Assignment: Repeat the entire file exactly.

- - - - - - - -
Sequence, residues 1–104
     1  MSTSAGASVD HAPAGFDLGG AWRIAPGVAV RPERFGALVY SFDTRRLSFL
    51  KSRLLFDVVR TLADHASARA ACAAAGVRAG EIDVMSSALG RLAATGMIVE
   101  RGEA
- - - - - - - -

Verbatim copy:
Sequence, residues 1–104
     1  MSTSAGASVD HAPAGFDLGG AWRIAPGVAV RPERFGALVY SFDTRRLSFL
    51  KSRLLFDVVR TLADHASARA ACAAAGVRAG EIDVMSSALG RLAATGMIVE
   101  RGEA